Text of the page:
Princeton University reopened the campus Tuesday evening after evacuating for eight hours due to a bomb threat. A statement from the university said: "The university received a phone call from someone who said multiple bombs were placed throughout campus at unspecified locations. After determining that the threat was credible, university officials ordered the campus evacuated. Faculty and staff were sent home; students were told to go to public places in the town of Princeton, including the Princeton Public Library, the Princeton Arts Council and the Nassau Inn.... Bomb-sniffing dogs were brought in from law enforcement agencies and searched campus in a coordinated effort with university staff members. No explosive devices were found. The university takes all threats to the safety and well being of its community members and visitors seriously."
The University of New Hampshire also received and investigated a bomb threat Tuesday, but did not evacuate, and determined that the threat was a hoax.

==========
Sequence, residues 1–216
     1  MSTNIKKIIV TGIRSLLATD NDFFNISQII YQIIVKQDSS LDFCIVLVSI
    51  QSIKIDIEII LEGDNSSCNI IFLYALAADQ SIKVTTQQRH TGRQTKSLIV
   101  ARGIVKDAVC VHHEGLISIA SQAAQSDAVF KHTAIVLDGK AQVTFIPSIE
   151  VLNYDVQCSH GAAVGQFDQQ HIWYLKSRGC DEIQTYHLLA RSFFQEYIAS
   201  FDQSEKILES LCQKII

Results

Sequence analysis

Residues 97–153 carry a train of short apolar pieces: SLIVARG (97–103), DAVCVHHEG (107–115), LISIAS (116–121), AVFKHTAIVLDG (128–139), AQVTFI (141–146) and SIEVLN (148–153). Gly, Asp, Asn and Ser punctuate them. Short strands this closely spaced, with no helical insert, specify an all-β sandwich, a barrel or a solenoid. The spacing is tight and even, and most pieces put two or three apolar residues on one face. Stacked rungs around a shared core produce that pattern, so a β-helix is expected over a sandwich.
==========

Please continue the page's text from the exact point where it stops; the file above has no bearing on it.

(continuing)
The faculty athletics representative at the University of Richmond has circulated an e-mail to colleagues calling for the institution to leave Division I of the National Collegiate Athletic Association and to stop playing intercollegiate football, The Richmond Times-Dispatch reported. "I have come to the conclusion that it’s hard-to-impossible to consistently make DI-level sports conform and submit to the primary institutional focus on academics, because there’s just too much money and ambition involved," said the e-mail from Rick Mayes, an associate professor of political science. Noting concerns about the impact of concussions on football players, he asked whether it would not be better -- for the sake of athletes and to prevent future lawsuits -- to drop football. University administrators indicated that Richmond has no intention of taking the advice Mayes offered.DI and DIII in quotes are sic per article -sj
The foundation of San Francisco State University has agreed to not invest in companies "with significant production or use of coal and tar sands." Further the foundation will seek to limit investments in fossil fuel companies. Advocates for divestment of fossil fuel companies said that they viewed the move as significant. To date, colleges that have embraced divestment have been small, private colleges in the Northeast, while San Francisco State is the first Western or public institution to take such a stand. The foundation's endowment is in the range of $50 million.